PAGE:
Arts and Entertainment

Student directed one-acts are ACTually amazing

By Bianca Ho and Sandy Shen
Published: May 2009

A troubled playwright caught up in his own fantasy world. A Jewish child disguised as a Nazi soldier during the Holocaust. A lost boy searching for the meaning of true love.

From April 30-May 2, these main characters of South Stage’s one-acts from the Student Directed Festival grabbed the audience’s attention, each one of them teaching a distinct message to the, and every one as meaningful as the next.

The first play, Old Saybrook, directed by senior Mark Galinovsky, opens with two couples having a small get-together in the middle of their house.

Couples Norman and Sheila (played by junior Ariel Shvartsman and sophomore Sarah Wanger) and David and Jenny (played by sophomore Jake Light and sophomore Charlotte Sall) have their own inside jokes and shared experiences. They gently tease each other about their shortcomings and insignificant faults, and there seems to be a healthy relationship among the four of them.

As the rest of the story unfolds, however, a third couple joins their company to visit the house where they first got married. Newcomers Hal and Sandy (played by senior Alex Brodsky and sophomore Tanya Lyon, respectively) know about every nook and cranny of the house, including a secret vault behind the fireplace.

Sheila discovers a diary that Norman has been keeping in the vault and reveals to the audience that Jenny, Sheila’s sister, has been having an affair with Norman.

The scene then breaks out into chaos as David becomes aware of the situation and proceeds to bring out a shotgun.

There is another twist in the plot, however, as the former owner of the house, a writer named Max Krolian (played by freshman Daniel Bender-Stern), reveals to everyone that those four people are not real, but characters he invented in a play he failed to finish writing.

Hal and Sandy then take this opportunity to compare how this play fits in with their real life experiences, and reveal to each other affairs they have had.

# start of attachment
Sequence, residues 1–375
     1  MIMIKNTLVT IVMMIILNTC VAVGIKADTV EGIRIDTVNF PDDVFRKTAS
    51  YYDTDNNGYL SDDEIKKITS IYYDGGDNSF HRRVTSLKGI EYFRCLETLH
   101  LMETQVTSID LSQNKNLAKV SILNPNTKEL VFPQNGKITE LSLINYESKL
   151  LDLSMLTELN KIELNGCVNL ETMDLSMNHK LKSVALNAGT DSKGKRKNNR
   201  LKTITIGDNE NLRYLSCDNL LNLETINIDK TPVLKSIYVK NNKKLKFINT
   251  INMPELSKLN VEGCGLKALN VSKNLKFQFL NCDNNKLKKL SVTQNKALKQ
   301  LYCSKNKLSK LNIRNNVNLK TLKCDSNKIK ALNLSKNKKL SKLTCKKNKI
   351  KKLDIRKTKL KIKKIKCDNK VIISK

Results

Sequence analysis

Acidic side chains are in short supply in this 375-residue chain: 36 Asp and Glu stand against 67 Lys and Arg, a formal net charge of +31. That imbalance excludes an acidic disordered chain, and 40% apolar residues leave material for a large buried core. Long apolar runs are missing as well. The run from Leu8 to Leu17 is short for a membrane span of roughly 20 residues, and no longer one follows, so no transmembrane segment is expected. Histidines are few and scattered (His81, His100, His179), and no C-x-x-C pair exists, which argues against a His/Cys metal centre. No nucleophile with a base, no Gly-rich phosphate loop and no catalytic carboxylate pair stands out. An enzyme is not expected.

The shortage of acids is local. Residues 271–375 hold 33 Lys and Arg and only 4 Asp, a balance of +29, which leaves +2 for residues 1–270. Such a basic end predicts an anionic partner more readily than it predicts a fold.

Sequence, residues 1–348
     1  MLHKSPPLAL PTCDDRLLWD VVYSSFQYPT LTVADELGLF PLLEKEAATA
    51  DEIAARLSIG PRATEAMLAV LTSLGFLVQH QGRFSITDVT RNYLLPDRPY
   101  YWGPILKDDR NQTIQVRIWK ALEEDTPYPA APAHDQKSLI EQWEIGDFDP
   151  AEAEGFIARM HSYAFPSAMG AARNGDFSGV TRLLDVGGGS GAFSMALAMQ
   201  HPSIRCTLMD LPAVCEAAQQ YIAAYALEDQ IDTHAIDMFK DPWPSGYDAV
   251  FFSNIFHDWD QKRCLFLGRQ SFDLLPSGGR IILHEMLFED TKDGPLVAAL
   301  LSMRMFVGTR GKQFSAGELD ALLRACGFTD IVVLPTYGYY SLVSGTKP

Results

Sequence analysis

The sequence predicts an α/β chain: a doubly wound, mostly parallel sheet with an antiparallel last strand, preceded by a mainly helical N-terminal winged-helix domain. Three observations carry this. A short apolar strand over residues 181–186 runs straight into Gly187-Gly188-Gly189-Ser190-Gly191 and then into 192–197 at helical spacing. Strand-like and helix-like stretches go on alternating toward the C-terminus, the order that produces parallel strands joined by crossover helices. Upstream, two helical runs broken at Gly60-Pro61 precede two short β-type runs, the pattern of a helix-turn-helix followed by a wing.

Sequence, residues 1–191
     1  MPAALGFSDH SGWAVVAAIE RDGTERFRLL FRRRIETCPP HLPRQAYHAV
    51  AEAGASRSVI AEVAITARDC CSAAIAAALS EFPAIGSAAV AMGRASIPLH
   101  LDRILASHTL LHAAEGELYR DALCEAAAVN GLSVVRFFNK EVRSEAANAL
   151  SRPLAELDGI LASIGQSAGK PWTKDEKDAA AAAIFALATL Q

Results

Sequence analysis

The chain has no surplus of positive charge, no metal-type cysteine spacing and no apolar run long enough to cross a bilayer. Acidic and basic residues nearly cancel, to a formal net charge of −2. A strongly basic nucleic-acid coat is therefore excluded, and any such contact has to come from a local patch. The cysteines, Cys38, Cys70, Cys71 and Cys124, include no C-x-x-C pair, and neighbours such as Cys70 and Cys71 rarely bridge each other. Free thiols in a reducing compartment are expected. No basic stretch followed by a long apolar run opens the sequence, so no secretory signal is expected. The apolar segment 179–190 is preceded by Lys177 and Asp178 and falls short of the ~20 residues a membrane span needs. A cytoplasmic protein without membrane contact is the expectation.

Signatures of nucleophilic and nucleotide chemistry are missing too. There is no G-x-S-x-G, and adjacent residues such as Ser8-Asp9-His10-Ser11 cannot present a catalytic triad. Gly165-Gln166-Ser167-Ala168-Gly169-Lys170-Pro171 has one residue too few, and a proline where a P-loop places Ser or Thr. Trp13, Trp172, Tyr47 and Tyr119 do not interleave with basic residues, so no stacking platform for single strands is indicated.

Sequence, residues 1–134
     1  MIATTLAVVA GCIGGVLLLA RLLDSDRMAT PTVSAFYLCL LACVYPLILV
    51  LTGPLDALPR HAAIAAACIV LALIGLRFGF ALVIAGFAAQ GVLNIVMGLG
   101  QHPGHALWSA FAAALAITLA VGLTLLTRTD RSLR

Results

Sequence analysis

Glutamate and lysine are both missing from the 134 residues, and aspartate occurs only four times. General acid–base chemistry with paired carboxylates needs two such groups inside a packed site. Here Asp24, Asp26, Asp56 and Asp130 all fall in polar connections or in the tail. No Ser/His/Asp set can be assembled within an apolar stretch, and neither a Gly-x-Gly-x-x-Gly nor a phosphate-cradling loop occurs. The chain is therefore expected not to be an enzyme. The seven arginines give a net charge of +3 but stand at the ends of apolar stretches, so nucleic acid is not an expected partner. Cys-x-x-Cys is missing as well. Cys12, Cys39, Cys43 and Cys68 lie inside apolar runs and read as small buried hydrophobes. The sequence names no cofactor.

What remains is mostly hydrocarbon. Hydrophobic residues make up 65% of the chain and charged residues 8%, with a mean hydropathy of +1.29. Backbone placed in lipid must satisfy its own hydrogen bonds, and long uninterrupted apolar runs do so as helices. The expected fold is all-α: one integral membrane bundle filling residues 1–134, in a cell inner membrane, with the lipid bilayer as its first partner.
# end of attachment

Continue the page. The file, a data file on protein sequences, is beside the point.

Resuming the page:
When it seems like nothing can be helped, and their relationship is in jeopardy, they make up, realizing that life is about forgiveness.

Theopolis, the second play, was written and directed by senior Jonah David. The play consists of no speaking, but rather movements, music and sounds. The play about the Holocaust begins with a scene taking place at a Nazi-infested camp, where two officers are patrolling the areas. The Jewish people oppressed by the Nazis are introduced, and the audience embarks on a journey following the story of a young Jewish child hidden beneath a Nazi shell.

Though the play is a silent one, the message is no less powerful or meaningful than that of any regular play. The occasional sound effect and the simple piano score, played by freshman Patricia Ho, provides all the sound needed for the impact of the story.

The third, and final play, Women and Wallace directed by senior Anya Whelan-Smith, is a memoir of a boy’s life, beginning at age six.

The first thing the audience hears from him are all the reasons Wallace (played by freshman Aaron Wolff) loves his mother, and he continues to skip off to school. The plotline takes a twist, however, as the audience watches in horror while Wallace’s mother kills herself with a kitchen knife.

The story traces the rest of Wallace’s life, as he bears clumsy interactions with girls as a result of his mother’s suicide. We learn that he is afraid to allow himself to become too emotionally attached in a relationship because, as he learned at the age of six, “all women desert in the end.

He finally learns from his grandmother that he cannot blame all of his mistakes on the death of his mother and he has to come to terms with the fact that he would make mistakes on his own, even if she were still alive.

Galinovsky, David, and Whelan-Smith, put together an astounding show. Each play was unique, and the audience never lost interest. The night was filled with an appropriate mix of comedy, tragedy, and even a mixture of both in Women and Wallace.

By beginning the show with a light-humored comedy that had a meaningful message, the directors successfully grabbed the audience’s attention.

The serious undertone of Theopolis was an effective continuation of the show, and finally, Women and Wallace was both uplifting and humorous.

All in all, the Student Directing Festival was an incredible show, which garnered laughter and almost-tears while capturing the watchers’ hearts.

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